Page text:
Lincolnshire County Council believes that a “multitude of events” led to the devastating flooding in Horncastle in the aftermath of Storm Babet in October 2023.
Despite a new £8.1 million flood prevention scheme built in 2017, around 80 properties were flooded across the town following the storm last year, prompting an investigation by the Environment Agency (EA). The findings are expected to be released in the next fortnight.
In the aftermath, dozens of families were left reeling, many losing belongings and some rendered homeless, prompting them to seek advice from various agencies at the Horncastle & District Community Centre on Manor House Street.
While there, several residents voiced their frustration over the flood defences’ apparent ineffectiveness, with some labelling them “useless.”
Local farmer John Harrison pointed out a flaw in the system. He explained that his land is designated to store floodwater as part of the flood relief scheme. However, he claimed that a switch was incorrectly positioned for several hours, causing water to flow back into the river instead.
“I was down at midday and I could see immediately the mechanism was holding water back from going down the river, but the return valve was open,” he recalled. “So it was like getting in a bath and you turn the tap on and haven’t put the plug in.”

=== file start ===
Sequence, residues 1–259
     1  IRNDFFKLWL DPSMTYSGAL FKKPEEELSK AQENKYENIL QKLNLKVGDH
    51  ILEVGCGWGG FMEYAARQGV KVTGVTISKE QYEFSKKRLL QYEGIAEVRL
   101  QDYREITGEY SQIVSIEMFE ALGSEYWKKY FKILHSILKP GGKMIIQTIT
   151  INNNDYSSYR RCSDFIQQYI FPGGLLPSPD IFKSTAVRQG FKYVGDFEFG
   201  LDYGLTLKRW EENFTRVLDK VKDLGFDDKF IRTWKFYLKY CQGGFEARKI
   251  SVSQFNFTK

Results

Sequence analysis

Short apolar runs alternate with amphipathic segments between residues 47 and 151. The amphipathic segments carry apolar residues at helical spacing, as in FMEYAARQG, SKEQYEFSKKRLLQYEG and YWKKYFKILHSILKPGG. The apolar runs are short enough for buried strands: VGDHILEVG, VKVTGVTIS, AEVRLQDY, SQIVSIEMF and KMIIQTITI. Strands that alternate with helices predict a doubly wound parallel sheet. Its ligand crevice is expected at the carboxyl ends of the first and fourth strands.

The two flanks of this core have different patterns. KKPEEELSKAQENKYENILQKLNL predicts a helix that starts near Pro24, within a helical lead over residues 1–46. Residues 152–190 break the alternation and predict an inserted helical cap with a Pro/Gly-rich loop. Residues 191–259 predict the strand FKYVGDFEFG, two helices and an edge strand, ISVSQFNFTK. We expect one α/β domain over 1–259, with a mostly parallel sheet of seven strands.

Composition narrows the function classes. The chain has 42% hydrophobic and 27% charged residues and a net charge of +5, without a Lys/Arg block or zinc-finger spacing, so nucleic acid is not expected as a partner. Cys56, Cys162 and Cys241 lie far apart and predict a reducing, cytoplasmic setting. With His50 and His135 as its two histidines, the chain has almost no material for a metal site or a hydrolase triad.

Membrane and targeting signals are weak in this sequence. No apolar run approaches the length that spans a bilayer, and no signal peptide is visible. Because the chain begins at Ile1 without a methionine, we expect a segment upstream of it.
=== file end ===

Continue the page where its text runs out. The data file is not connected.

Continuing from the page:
During a Community Flood Defence Update event at Batemans Brewery in Wainfleet on Friday, organised by Skegness and Boston MP Matt Warman (Conservative), representatives from Lincolnshire County Council outlined some of the investigation’s findings so far.
Matthew Harrison, Flood & Water Manager at LCC, clarified that the EA was leading the investigation, but highlighted: “There were a multitude of events that led to flooding in Horncastle, it wasn’t a single event.
“There are various water courses that feed into the town and not all of those are covered by the flood defence scheme that was put in place previously.”
Furthermore, he mentioned that the council is conducting around 230 separate investigations related to 850 properties across the county that experienced internal flooding following Storms Babet and Henk.
“It’s on a scale that we haven’t seen before,” he added.
Morgan Wray, Flood Risk Manager from the Environment Agency, was more reserved about the findings so far, but disclosed that the full report is expected to be released in the next couple of weeks.
He stated: “The investigation is ongoing. We are hoping to come to the community in the next few weeks with the results of that.”
Wray later urged residents across the county to check if they are at risk of flooding, adding: “Once you’ve found out if you are at risk, you can do simple things like create a flood plan or sign up to receive flood warnings. We would really urge people to do that for themselves.”